Perfect Decoys (Matthew 6:1-18)

Sunday 08/11/2020

Operation Bodyguard was a part of the Allies’ plans to invade Nazi-occupied Europe on D-Day in 1944. Operation Neptune was the overall plan for D-Day, but Operation Bodyguard was a deception plan. It was intended to mislead the German military leadership over the time and place of the invasion.

From December 1943 to March 1944, while German forces were stretched along the European coast expecting an Allied attack, British and American forces deployed decoy boats and aircraft, inflatable tanks, and dummy parachuters to deceive their enemy. The plan worked. When D-Day came, the Germans were taken by surprise and their scramble to redeploy troops allowed the Allies victory.

At the end of Matthew 5, Jesus concludes the first section of the Sermon on the Mount by saying “Be perfect, therefore, as your heavenly Father is perfect” (v48). If we are His followers, our character is not measured against the people around us. The standard Jesus gives us is God Himself, who is perfection itself.

We might see others around us and conclude that we’re not so bad. But when we’re compared to God, all but the least self-aware would realise that we cannot be perfect.

But we might be pretty good at fooling others. Like Operation Bodyguard, we can deploy dummy compassion, cardboard prayers, and bogus devotion. It’s decoy perfection. And people might fall for it.

Or, even if people do see through it, at least they won’t call our bluff. And Jesus warns us that this decoy perfection doesn’t work. Instead of receiving the reward our Heavenly Father gives, we’re left with an empty shell: human approval, which is here today and gone tomorrow.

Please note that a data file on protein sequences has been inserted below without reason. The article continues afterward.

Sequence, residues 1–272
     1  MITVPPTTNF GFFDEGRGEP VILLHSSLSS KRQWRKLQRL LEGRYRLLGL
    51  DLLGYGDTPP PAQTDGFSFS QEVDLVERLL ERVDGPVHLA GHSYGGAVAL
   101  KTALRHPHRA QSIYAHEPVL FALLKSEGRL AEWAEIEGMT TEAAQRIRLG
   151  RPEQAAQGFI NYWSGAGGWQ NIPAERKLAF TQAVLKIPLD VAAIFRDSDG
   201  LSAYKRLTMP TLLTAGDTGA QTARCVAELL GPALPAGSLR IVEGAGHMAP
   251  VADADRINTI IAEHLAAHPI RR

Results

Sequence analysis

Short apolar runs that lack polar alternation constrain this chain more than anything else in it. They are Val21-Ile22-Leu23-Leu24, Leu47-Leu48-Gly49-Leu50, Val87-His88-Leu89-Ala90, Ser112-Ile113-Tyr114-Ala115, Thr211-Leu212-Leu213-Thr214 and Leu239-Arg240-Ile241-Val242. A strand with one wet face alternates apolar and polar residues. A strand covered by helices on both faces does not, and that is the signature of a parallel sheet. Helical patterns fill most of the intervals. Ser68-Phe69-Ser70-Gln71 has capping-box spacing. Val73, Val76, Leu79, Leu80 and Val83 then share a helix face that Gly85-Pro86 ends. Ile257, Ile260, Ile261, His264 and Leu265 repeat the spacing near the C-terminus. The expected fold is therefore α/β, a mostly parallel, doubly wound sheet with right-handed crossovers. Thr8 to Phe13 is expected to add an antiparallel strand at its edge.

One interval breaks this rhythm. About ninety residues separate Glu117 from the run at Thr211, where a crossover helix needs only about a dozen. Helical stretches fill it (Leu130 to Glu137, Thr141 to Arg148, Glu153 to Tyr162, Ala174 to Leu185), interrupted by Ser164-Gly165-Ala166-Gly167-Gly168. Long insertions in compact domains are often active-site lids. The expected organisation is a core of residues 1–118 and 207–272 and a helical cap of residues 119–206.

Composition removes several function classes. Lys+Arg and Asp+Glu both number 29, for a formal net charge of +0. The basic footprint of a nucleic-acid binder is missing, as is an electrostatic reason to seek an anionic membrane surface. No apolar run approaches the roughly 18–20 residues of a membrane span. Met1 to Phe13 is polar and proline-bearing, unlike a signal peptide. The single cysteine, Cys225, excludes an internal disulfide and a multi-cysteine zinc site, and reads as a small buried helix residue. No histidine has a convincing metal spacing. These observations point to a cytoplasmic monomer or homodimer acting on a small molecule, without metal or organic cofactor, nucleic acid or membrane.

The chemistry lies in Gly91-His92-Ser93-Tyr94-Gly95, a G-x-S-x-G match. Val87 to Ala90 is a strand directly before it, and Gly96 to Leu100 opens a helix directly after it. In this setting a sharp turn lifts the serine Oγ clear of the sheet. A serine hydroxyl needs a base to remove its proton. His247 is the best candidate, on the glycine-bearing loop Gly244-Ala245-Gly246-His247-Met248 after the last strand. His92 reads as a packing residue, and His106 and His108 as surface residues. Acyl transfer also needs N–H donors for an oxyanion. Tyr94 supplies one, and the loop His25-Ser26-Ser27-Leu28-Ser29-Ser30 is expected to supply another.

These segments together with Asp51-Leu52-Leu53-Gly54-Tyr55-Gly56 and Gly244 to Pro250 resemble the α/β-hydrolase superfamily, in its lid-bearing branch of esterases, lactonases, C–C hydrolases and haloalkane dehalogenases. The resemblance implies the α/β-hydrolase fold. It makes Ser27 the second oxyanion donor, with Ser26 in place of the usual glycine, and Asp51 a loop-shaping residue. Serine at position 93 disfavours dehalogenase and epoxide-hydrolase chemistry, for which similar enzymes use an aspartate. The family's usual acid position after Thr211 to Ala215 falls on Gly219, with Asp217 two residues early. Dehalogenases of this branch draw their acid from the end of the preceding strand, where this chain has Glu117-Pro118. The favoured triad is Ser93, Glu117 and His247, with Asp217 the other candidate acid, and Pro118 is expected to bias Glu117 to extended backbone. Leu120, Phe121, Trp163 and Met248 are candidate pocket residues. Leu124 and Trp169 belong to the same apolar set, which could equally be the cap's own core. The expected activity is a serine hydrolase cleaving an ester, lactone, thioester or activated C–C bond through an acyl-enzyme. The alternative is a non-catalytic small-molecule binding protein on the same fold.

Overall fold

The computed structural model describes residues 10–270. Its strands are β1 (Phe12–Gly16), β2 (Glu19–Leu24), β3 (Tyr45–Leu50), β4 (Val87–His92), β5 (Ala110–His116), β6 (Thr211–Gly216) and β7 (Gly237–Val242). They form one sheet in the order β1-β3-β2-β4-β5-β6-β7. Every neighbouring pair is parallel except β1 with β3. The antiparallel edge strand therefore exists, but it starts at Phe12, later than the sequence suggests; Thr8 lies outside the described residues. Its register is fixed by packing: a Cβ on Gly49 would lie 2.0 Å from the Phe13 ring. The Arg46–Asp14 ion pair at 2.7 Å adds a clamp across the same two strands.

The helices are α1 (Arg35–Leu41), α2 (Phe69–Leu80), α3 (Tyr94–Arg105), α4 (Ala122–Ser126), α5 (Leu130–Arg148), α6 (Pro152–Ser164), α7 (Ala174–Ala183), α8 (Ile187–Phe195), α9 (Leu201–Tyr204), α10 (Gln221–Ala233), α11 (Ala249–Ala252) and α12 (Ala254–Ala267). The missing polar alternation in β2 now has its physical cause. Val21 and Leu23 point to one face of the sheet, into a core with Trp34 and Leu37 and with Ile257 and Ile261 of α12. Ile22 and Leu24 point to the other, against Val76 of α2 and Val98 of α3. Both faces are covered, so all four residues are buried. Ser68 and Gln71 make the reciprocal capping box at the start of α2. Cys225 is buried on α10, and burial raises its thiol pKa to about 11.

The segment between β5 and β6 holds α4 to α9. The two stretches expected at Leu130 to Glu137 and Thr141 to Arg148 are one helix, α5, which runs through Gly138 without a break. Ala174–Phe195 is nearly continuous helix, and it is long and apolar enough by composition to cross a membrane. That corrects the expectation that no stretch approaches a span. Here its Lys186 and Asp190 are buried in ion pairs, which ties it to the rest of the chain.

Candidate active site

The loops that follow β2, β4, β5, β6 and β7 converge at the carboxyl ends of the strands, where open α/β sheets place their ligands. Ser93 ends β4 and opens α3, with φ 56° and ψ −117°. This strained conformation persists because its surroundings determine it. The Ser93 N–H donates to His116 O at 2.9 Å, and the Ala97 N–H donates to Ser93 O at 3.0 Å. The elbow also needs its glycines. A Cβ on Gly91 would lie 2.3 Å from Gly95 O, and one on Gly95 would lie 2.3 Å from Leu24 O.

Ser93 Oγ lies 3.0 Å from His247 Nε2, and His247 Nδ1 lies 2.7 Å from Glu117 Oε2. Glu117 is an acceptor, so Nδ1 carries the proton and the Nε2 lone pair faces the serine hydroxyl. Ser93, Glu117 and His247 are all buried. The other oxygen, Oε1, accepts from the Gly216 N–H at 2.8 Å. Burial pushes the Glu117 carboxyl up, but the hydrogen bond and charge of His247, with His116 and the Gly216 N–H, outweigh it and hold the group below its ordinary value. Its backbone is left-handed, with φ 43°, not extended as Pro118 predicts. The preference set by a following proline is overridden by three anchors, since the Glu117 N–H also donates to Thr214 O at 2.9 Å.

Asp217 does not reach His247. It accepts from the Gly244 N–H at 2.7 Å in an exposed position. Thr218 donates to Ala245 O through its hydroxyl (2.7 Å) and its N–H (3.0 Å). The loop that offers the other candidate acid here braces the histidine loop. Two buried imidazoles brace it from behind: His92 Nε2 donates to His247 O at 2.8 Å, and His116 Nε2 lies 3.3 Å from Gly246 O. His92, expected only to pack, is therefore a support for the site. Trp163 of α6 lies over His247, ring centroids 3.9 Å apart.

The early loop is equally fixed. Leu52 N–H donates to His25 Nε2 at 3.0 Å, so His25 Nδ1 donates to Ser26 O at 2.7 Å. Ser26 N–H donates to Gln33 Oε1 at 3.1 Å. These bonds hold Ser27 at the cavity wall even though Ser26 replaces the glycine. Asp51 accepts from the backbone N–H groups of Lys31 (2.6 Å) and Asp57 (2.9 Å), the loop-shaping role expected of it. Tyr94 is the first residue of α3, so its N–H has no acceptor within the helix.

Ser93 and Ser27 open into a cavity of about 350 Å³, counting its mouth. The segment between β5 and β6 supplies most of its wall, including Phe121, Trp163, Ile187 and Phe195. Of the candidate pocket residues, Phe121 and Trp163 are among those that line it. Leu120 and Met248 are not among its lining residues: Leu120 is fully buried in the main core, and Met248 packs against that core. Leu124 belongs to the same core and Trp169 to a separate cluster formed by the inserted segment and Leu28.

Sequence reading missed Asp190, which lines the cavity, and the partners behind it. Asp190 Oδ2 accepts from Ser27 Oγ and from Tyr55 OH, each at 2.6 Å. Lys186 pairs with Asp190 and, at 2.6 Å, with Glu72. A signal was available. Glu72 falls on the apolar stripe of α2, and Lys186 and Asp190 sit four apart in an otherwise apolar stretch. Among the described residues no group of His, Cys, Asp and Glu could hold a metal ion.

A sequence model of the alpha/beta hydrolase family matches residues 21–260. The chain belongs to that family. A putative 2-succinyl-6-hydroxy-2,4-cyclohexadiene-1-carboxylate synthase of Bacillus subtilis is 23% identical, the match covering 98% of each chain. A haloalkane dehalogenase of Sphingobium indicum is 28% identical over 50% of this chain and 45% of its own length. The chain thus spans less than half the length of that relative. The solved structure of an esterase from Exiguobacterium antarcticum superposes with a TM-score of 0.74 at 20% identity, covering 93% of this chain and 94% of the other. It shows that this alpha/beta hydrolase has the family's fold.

So, what can we do? Jesus takes off our masks. He exposes our decoy perfection, our hypocrisy. But He doesn’t tell us not to worry about giving, or praying, or fasting. And He calls us to act out genuine devotion from a heart that knows the living God.

  1. Take Off The Mask (v1)
  2. Hide Your Giving From Yourself (v2-4)
  3. Pray Simply In Secret (v5-15)
  4. Fast So No One Knows (v16-18)

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The Perfect Life (Matthew 5:33-48)

Sunday 01/11/2020

If you asked 100 people what a perfect life looked like, what answers would you expect? And if you asked the same people how they could get a perfect life, what would they say? Will a perfect life just come to us? Will working hard get us there? Or do we have to take it?

Some might think that fate or karma will bring them good. And more might believe that determination will get you where you want to be, that “if you have a go, you will get a go.” But if we look carefully at how our world works, we’ll see that good ideas are overlooked and hard work isn’t rewarded. So, it seems that we won’t get ahead unless we push ourselves forward.

Instead of thinking of others, we find ourselves asking, ‘What’s in it for me?’

Instead of choosing what’s best for everyone, we say, ‘What do I deserve?’

And instead of asking, ‘What’s the right thing to do?’, we think, ‘What can I get away with?’

When we think and act like that, we’re saying that the only way to get ahead is to trample over others. And what do we find when we get there? It’s lonely at the top. That idea of the perfect life is all around us. But it doesn’t add up.

In the Sermon on the Mount, Jesus tells us what a perfect life is like: It’s living as citizens of His Kingdom (v1-12). It starts when we realise that we’re spiritually poor (v3), that we can never provide the right relationship with God that we desperately need (v6). And Jesus promises that, if that’s us, then the Kingdom of Heaven is ours and His righteousness will satisfy every spiritual need we have.